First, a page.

Building the Hi-Fi House Page 4

Mechanics
The house was designed to be constructed of normal wood frame and drywall on a slab foundation---no concrete block, plaster, adobe, or basement. For the walls of the house I specified 16" stud centers throughout, 2x4s for the inside walls, 2x6s for the outside. The added cost here is trivial as a percentage of the total. If you don't specify this, your builder may be tempted to use 24" centers if local codes allow it---for builders of entire subdevelopments, the savings quickly escalate for every stud saved. Every time I cut loose with a bass-laden recording or listen to the dinosaurs in Jurassic Park boogie through my living room cum Home Theater (discussed in Vol.17 No.5, pp.98-99), I'm thankful I demanded the more solid construction.

Although I wasn't able to afford adobe and hand-troweled plaster (both less common even in Santa Fe than they used to be; they're expensive), I still wanted solid walls in the listening room---not too rigid, because that can also cause problems, but more solid than the typical 1/2" Sheetrock. I therefore specified double Sheetrock (1" thick total) for the listening room, glued and screwed to the studs. But the builder misread my plans, and only double-Sheetrocked those walls adjoining other interior spaces; the windowed, short, front wall and long wall adjoining the garage were of 1/2" Sheetrock. The already-in-place window framing precluded adding to this. But at least these exterior walls were on 2x6 studs. I'd also specified several crosspieces to be placed between the studs, to spread out the inevitable resonant characteristics of the wall cavities.

A few additional features were included: Two separate 30A electrical circuits were run for powering the equipment, with more outlets than are usually furnished in a room of this size. I also ran several empty plastic 4"-diameter conduits under the slab floor for unobtrusive cable runs; so far I haven't used these much, but I'm glad they're there (except for the nut driver I recently dropped into one of the holes).

While I don't anticipate using surround-sound in this room any time soon, I also ran some leftover cable from my living-room/Home Theater in the walls of the listening room from the most likely equipment-rack location to the most likely locations for surround speakers.

Santa Fe is a fireplace-builder's heaven, but I never even considered putting one in the listening room, as fireplaces severely limit your flexibility in system setup. I do have a fireplace in my living-room/Home Theater, but it was carefully situated to allow at least one decent audio/video arrangement.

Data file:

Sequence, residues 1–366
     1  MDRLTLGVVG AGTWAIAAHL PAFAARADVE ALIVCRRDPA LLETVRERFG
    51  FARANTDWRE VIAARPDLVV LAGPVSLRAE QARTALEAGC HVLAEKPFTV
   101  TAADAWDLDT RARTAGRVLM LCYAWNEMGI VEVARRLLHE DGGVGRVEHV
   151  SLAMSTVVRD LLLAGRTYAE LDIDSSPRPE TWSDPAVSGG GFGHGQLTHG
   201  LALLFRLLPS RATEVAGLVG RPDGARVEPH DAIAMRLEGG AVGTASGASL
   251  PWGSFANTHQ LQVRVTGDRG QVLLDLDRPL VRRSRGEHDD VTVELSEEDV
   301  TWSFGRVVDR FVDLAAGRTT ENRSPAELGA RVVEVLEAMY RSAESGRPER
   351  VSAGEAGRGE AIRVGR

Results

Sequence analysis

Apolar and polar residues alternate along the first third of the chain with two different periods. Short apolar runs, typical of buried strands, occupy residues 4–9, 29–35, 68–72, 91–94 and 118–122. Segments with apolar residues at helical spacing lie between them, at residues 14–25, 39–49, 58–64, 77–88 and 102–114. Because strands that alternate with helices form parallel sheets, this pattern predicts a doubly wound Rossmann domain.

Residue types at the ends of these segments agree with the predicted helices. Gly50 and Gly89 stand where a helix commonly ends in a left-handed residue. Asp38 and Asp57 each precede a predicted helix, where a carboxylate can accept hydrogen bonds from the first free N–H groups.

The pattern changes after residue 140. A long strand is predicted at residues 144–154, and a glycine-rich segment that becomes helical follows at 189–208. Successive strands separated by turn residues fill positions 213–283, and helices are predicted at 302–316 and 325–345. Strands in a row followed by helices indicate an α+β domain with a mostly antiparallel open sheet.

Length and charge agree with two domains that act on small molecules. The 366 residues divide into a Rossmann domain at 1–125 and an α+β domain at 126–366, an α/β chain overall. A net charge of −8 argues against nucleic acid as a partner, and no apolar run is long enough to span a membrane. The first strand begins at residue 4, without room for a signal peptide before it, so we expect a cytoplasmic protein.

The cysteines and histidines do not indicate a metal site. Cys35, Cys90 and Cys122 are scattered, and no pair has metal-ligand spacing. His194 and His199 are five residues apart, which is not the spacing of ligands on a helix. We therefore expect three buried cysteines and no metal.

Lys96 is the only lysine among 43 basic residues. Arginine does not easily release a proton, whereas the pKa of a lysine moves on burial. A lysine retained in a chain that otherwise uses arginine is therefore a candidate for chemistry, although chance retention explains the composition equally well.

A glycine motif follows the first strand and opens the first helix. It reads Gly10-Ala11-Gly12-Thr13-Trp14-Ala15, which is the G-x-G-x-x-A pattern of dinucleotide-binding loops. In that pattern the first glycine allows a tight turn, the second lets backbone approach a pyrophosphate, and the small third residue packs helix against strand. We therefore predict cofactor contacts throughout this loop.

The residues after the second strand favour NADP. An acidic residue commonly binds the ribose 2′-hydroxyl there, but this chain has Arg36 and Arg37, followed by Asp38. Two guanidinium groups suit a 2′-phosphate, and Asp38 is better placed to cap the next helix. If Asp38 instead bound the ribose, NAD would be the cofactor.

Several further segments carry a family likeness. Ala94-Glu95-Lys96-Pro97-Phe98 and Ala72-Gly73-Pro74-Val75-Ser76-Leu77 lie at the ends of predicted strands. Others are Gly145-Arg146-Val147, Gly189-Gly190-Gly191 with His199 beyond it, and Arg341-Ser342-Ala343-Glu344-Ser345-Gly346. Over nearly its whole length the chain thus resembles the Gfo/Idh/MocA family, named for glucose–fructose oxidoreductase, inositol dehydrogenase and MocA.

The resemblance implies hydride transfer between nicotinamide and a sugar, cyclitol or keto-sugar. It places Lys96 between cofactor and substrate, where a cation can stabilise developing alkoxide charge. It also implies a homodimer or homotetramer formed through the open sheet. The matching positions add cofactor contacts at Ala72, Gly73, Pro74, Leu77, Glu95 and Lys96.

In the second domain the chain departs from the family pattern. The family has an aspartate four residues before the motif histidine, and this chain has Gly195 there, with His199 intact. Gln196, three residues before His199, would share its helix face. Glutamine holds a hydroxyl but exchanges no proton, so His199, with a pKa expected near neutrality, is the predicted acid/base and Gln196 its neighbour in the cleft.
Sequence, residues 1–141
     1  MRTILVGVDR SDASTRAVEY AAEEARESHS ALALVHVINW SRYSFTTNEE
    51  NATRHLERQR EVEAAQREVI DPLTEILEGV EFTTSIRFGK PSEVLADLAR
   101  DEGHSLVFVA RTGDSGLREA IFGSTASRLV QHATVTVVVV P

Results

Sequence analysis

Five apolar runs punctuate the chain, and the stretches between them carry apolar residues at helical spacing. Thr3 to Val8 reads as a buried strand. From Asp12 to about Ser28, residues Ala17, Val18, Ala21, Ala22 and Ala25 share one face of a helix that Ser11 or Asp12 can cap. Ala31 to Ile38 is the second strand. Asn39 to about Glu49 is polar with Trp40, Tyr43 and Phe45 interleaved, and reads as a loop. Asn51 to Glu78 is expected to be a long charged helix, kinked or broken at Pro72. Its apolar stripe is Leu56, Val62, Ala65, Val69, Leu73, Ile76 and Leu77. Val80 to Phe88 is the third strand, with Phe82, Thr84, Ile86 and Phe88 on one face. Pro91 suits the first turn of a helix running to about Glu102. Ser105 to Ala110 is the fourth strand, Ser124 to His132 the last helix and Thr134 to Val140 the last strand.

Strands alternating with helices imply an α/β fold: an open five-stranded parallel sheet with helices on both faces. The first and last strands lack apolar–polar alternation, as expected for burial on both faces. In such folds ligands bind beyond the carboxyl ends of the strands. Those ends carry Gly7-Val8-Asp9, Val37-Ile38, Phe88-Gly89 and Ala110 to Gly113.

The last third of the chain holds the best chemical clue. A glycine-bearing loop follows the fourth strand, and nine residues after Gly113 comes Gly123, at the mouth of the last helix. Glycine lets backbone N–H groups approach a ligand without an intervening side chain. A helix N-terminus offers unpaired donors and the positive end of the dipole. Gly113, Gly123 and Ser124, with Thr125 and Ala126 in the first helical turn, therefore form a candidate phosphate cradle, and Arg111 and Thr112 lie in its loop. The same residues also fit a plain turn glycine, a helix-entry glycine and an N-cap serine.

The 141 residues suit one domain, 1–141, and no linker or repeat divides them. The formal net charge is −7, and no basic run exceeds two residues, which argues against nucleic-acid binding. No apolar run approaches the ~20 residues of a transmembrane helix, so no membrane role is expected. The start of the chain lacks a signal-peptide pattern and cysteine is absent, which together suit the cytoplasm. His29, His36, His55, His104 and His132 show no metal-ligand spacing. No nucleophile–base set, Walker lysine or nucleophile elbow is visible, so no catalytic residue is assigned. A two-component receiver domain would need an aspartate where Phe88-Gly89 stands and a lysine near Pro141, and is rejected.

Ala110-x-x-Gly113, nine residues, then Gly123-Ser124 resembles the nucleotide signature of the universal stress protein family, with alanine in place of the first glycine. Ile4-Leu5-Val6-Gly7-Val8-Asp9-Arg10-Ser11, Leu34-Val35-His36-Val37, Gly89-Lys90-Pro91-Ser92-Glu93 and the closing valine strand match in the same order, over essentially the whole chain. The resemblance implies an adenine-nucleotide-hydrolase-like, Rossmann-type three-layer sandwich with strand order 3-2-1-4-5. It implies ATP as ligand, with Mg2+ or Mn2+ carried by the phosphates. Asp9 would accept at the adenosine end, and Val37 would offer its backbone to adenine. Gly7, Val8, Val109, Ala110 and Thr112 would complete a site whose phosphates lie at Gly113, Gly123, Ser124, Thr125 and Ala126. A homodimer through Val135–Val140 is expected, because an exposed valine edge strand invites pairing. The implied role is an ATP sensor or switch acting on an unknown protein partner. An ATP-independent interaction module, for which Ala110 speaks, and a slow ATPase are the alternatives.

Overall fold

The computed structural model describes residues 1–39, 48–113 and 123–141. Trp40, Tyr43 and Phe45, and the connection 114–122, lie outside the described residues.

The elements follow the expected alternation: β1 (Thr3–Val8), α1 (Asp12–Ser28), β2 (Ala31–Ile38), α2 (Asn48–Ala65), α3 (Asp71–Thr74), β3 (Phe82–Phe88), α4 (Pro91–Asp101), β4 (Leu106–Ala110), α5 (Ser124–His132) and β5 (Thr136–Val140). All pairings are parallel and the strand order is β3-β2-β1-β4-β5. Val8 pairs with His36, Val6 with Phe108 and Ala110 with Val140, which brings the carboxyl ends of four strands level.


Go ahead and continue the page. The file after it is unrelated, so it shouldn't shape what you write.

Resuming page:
My listening room has a large window on one of the short walls, two smaller ones near the corners of the adjoining long walls, and several skylights to lighten the back of the room. The back of the room---about 5' of the room's length---is tiled, and doubles as an open hallway to the garage. Since it's raised one step, it has an overall ceiling height that's about 6" lower than the rest of the room.

Ah, yes---ceiling height. I visited my construction site after the stud walls had been put up, but (mercifully) before the roof was in place, and had the uncomfortable feeling that the walls in the listening room were too high. They were. The builder had misread the plans (he argued that they were ambiguous) and built the walls 9" too high in three of the rooms, including the listening room!

The good news is that I got taller ceilings in my living/Home Theater room and master bedroom; the bad news is that lowering the listening-room ceiling cost me bucks. But it worked out okay. The builder had actually shortened the room width and length by a few inches than planned (among other things, he apparently didn't allow for the thickness of the Sheetrock, as I had requested). When I recalculated the modes for the new width, I found that an 11' 4"-high ceiling was actually better than the originally planned 11', so I had it adjusted accordingly---which cost me nothing extra.

It might appear as if the builder made some royal foul-ups, but he actually did a very fine job, overall, and I would use him again. A glitch-free build is probably unheard of. Construction tolerances are something you'll have to live with.

Moral: Insisting on tolerances to a small fraction of an inch isn't practical. Half an inch won't likely be that important acoustically, but will run up the cost considerably and cause friction with your builder. Be precise in the planning stages, however---accounting for wall thicknesses, etc.---to avoid misunderstandings or compounded errors.

And when you draw up your plans, don't use terms like "Dedicated Listening Room" or "Home Theater." "Media Room" is probably okay; "Recreation Room" (my term) or "Bonus Room" are probably even better. "Listening Room" or "Home Theater" are liable to raise flags with the bank or city planning commission---they might wonder if you're planning to have people pay to see concerts or movies in your home. Really.

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